Kelzang Wangchuk | Samdrupcholing

Shopkeepers of Tshangchhuthama in Samdrupcholing drungkhag, Samdrupjongkhar, have been given a year more to move to the new township.

Samdrupcholing drungkhag administration in July last year told them that they have to build their structures and relocate to the new town.

However, only a few shopkeepers are about to complete the houses while many have not even started.

The 31 shopkeepers who have been doing business for more than 10 years in Tshangchhuthama received the land kidu. The 21-acre township would have 63 plots.

A shopkeeper, Sherab Zangpo, 40, said that although it’s been about four years since they received land kidu in the new township, they could not start construction as they didn’t get loans earlier.

“We have visited all the financial institutions but didn’t give loans stating that we cannot mortgage a kidu land,” he said.

He said that they were allowed to construct any structure because there was no identified design given to them when they received the land kidu. “There was also no duration to shift to the new township.”

The drungkhag administration issued them the design of buildings and gave them a year to move to the new township last year.

Another shopkeeper, Kezang Phuentsho, said that since the shopkeepers approached all the financial institutions, they got the loan last year. They could not begin construction owing to Covid-19 restrictions that have hampered the import of workers.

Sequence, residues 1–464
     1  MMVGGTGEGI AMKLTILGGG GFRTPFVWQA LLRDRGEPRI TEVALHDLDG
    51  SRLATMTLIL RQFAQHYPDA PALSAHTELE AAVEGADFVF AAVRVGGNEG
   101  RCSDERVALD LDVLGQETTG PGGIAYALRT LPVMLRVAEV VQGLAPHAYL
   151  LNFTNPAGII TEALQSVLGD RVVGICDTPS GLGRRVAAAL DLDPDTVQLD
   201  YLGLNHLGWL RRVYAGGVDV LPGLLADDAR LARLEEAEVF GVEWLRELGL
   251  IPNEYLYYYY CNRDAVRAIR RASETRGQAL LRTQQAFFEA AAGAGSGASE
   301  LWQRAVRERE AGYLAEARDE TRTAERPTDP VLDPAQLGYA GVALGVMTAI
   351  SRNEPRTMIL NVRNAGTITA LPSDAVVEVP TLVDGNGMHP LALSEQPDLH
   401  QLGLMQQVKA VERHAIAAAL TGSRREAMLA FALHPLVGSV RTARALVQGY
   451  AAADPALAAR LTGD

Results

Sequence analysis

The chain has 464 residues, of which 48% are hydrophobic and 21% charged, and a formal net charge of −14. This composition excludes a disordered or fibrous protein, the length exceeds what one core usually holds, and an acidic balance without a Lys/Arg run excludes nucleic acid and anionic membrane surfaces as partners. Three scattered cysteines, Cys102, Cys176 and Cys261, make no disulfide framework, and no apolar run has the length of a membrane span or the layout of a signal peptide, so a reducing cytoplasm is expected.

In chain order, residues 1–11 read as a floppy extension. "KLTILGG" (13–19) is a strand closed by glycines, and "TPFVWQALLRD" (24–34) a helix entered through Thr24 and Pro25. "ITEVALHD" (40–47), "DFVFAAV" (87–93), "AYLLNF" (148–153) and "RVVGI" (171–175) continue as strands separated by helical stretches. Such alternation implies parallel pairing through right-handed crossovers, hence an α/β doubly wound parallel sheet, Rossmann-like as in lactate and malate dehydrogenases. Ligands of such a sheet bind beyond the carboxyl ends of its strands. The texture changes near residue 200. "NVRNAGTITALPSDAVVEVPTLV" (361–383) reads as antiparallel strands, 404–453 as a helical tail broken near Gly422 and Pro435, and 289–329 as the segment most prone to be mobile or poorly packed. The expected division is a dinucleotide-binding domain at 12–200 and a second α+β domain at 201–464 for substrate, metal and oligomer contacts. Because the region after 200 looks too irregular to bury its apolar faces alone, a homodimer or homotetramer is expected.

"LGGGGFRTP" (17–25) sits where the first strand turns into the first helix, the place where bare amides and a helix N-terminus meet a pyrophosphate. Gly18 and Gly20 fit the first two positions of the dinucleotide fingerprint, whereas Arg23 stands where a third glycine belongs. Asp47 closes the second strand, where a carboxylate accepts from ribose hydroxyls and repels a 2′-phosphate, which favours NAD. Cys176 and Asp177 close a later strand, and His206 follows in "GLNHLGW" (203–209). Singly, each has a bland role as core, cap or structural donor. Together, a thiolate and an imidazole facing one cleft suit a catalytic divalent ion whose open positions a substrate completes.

He said that paying for quarantine services for the workers would be a burden. “It would be more challenging for us if the labourers test positive.”

“We tried to hire locals but they charged more than the foreign labourers. Since the dzongkhag is a high-risk area, they also refuse to come because of the quarantine and are afraid of getting infected,” another shopkeeper, Tshewang Chophel said.

Samdrupcholing Drungpa, Sangay Phunthso, said that the drungkhag administration received the design of the three-storey structure last year. After consultation with the shopkeepers, it was decided that they would move to the new township because the structures in the existing town are makeshift structures and vulnerable to fire.

“One of the shops caught fire a month ago, but it was contained before it could spread to other structures. The shopkeepers in the existing town are illegal settlements,” the drungpa said.

The works and human settlements ministry recently approved the drungkhag administration’s proposal of a one-storey building in the township. “We expect they’ll complete the construction within the deadline,” the drungpa said.

Edited by Tshering Palden